Open Access

A Retrospective Study of Patients Undergoing Palliative Radiotherapy for Airway Obstruction due to Lung Cancer

UTSUMI NOBUKO 1 2
TAKAHASHI TAKEO 1
YAMANO TAKAFUMI 1
MACHIDA FUMIHARU 1
KANAMORI SHINSUKE 1
SAITO MIO 1
SODA RIKANA 1
UENO SHUICHI 1
HAYAKAWA TOYOKAZU 1
HATANAKA SHOGO 1
  &  
SHIMBO MUNEFUMI 1

1Department of Radiation Oncology, Saitama Medical Center, Saitama Medical University, Saitama, Japan

2Department of Radiation Therapy, JCHO Tokyo Shinjuku Medical Center, Tokyo, Japan

Cancer Diagnosis & Prognosis Jan-Feb; 3(1): 61-66 DOI: 10.21873/cdp.10180
Received 24 August 2022 | Revised 13 April 2024 | Accepted 04 October 2022
Corresponding author
Nobuko Utsumi, Department of Radiation Therapy, JCHO Tokyo Shinjuku Medical Center, 5-1, Tsukudocho, Shinjuku, Tokyo 162-8543, Japan. Tel: +81 492283511 nobuko_me005@yahoo.co.jp

Abstract

Background/Aim: In advanced stage lung cancer, bulky tumors can cause serious symptoms such as malignant airway obstruction (MAO). Prompt response to airway obstruction might be essential to improve quality of life and prolong life expectancy. Palliative external beam radiotherapy (EBRT) is a less invasive and highly safe treatment method that can alleviate symptoms and at the same time treat lung cancer. However, there are few reports on the results of palliative radiotherapy performed for improving airway obstruction and obstructive pneumonia. Therefore, this study retrospectively examined the effectiveness of palliative radiotherapy. Patients and Methods: We reviewed 38 lung cancer patients with MAO who underwent EBRT. Patients were treated with a median dose of 37.5 Gy (range=30-40 Gy) in 10-20 fractions. Whether a patient was a responder or non-responder was assessed by whether the bronchus that was obstructed before EBRT reopened or improvement of obstructive pneumonia was observed on follow-up chest X-ray or computed tomography after EBRT. Results: The median survival time was 135 days (range=31-469 days) for the responders to EBRT and 45 days (range=23-355 days) for non-responders; this difference was statistically significant (p=0.03). One-year overall survival rate was 18.5% and 0% for the responders to EBRT and non-responders, respectively. Conclusion: Palliative EBRT might be an important option for non-curative lung cancer patients with MAO.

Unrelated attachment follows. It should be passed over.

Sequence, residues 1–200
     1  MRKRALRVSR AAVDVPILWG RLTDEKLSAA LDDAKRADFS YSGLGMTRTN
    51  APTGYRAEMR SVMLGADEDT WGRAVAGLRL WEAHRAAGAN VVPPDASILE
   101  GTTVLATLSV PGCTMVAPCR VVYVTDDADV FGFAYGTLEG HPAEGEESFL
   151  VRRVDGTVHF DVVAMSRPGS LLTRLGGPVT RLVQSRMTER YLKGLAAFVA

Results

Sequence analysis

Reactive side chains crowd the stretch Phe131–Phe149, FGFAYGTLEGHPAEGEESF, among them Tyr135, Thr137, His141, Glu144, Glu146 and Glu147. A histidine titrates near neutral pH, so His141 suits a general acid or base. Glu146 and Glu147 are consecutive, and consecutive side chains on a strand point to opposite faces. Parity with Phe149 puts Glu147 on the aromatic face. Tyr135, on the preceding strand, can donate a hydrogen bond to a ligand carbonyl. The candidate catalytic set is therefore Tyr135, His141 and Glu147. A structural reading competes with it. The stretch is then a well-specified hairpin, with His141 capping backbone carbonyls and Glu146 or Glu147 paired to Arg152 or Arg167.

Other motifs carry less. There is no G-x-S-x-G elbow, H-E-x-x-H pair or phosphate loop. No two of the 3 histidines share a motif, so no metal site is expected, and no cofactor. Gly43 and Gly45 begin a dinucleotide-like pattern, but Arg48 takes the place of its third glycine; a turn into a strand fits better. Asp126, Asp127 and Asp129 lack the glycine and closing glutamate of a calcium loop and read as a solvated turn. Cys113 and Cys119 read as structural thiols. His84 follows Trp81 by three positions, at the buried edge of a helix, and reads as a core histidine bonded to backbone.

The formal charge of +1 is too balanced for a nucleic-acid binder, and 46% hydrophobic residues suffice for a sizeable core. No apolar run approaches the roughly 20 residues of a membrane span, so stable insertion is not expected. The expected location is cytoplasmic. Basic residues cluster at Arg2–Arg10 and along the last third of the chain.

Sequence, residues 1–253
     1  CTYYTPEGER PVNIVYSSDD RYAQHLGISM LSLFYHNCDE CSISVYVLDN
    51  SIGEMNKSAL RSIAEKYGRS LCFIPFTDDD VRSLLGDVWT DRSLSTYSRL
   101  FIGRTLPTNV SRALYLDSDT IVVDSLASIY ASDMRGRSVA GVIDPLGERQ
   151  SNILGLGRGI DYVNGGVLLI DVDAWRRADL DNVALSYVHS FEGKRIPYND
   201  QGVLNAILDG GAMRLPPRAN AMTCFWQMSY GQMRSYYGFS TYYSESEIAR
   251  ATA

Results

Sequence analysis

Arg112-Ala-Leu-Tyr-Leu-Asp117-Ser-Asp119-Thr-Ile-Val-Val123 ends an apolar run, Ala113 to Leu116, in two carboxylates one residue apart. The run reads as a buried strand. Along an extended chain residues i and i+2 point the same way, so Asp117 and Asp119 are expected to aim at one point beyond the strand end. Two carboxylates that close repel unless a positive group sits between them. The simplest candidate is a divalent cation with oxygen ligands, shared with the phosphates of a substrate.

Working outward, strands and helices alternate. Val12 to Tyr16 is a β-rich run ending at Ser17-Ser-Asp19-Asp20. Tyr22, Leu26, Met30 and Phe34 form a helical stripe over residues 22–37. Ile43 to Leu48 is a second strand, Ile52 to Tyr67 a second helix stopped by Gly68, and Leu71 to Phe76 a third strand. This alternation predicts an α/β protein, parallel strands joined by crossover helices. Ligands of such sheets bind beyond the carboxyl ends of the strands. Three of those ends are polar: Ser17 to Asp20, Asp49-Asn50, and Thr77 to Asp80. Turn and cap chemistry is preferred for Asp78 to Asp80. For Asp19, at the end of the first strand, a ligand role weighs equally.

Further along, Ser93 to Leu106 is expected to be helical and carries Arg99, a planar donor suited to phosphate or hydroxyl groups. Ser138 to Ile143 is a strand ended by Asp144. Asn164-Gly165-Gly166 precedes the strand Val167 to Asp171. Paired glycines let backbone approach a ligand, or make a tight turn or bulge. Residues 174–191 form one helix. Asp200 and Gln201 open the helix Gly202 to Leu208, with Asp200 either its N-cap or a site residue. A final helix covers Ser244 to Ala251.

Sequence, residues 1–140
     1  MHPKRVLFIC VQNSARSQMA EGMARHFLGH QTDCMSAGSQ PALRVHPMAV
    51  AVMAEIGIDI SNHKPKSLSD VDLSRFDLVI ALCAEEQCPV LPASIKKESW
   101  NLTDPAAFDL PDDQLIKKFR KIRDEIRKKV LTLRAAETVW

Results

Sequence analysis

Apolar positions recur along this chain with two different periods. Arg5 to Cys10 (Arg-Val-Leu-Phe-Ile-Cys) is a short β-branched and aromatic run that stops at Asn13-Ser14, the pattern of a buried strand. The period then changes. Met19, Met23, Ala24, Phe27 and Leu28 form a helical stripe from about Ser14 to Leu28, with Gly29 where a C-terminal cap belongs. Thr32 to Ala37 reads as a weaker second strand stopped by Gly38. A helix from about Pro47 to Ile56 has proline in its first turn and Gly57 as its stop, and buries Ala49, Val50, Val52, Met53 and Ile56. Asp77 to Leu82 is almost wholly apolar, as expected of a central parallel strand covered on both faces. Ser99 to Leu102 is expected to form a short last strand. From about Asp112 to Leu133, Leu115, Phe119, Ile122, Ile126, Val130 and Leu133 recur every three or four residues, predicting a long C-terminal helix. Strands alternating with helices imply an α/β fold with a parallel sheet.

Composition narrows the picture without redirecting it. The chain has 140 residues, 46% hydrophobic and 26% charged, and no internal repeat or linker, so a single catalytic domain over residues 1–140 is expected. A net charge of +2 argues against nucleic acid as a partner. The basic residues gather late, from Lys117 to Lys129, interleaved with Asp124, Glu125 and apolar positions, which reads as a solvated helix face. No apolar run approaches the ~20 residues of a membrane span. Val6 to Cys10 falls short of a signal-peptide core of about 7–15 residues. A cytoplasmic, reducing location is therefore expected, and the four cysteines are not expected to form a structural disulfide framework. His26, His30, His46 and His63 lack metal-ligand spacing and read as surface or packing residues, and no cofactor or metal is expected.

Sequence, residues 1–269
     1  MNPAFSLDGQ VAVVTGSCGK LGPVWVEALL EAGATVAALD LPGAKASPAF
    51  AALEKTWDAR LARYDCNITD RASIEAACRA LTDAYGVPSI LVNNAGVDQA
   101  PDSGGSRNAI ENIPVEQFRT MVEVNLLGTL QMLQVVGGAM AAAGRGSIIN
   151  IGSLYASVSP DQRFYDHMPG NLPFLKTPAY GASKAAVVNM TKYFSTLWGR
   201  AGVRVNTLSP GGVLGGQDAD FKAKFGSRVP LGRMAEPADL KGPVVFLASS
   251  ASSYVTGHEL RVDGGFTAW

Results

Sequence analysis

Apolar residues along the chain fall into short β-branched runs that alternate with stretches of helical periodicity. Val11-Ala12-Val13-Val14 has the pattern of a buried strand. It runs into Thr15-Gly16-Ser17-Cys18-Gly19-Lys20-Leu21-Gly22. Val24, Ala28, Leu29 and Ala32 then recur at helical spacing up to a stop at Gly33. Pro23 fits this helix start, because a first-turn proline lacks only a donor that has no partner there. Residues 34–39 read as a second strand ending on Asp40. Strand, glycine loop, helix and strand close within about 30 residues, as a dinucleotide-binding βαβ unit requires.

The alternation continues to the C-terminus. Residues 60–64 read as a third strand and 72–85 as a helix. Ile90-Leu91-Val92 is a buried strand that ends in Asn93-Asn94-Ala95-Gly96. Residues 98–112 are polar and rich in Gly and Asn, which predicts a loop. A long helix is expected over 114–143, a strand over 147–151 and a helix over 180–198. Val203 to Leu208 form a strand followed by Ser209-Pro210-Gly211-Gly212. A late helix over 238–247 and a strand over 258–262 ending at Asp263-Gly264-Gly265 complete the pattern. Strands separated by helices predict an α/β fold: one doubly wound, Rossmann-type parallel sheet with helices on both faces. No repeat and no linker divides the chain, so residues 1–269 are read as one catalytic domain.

Keywords: lung cancer, palliative radiotherapy, airway obstruction